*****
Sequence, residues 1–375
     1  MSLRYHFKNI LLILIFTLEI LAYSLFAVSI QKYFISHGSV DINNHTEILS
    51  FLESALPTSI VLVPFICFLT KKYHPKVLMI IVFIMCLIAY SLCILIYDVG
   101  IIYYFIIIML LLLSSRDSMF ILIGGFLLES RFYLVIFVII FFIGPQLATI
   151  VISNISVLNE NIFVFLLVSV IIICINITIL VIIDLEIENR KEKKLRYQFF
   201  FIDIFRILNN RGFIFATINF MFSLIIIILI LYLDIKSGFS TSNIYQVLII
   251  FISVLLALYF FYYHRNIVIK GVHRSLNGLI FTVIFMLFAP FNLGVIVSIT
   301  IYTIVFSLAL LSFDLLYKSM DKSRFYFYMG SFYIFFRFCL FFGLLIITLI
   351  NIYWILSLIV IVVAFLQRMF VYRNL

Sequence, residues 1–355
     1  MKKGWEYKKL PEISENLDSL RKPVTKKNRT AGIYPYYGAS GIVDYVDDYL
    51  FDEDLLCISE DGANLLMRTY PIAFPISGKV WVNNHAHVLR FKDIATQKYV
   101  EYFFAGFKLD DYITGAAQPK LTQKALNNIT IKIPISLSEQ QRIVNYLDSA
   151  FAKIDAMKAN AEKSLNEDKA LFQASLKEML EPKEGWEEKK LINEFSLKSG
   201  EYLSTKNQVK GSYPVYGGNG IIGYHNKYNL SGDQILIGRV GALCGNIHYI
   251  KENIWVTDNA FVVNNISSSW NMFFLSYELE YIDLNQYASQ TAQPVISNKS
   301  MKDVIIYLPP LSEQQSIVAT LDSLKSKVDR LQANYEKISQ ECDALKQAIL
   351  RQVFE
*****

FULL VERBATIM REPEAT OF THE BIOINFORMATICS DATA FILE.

Sequence, residues 1–375
     1  MSLRYHFKNI LLILIFTLEI LAYSLFAVSI QKYFISHGSV DINNHTEILS
    51  FLESALPTSI VLVPFICFLT KKYHPKVLMI IVFIMCLIAY SLCILIYDVG
   101  IIYYFIIIML LLLSSRDSMF ILIGGFLLES RFYLVIFVII FFIGPQLATI
   151  VISNISVLNE NIFVFLLVSV IIICINITIL VIIDLEIENR KEKKLRYQFF
   201  FIDIFRILNN RGFIFATINF MFSLIIIILI LYLDIKSGFS TSNIYQVLII
   251  FISVLLALYF FYYHRNIVIK GVHRSLNGLI FTVIFMLFAP FNLGVIVSIT
   301  IYTIVFSLAL LSFDLLYKSM DKSRFYFYMG SFYIFFRFCL FFGLLIITLI
   351  NIYWILSLIV IVVAFLQRMF VYRNL

Sequence, residues 1–355
     1  MKKGWEYKKL PEISENLDSL RKPVTKKNRT AGIYPYYGAS GIVDYVDDYL
    51  FDEDLLCISE DGANLLMRTY PIAFPISGKV WVNNHAHVLR FKDIATQKYV
   101  EYFFAGFKLD DYITGAAQPK LTQKALNNIT IKIPISLSEQ QRIVNYLDSA
   151  FAKIDAMKAN AEKSLNEDKA LFQASLKEML EPKEGWEEKK LINEFSLKSG
   201  EYLSTKNQVK GSYPVYGGNG IIGYHNKYNL SGDQILIGRV GALCGNIHYI
   251  KENIWVTDNA FVVNNISSSW NMFFLSYELE YIDLNQYASQ TAQPVISNKS
   301  MKDVIIYLPP LSEQQSIVAT LDSLKSKVDR LQANYEKISQ ECDALKQAIL
   351  RQVFE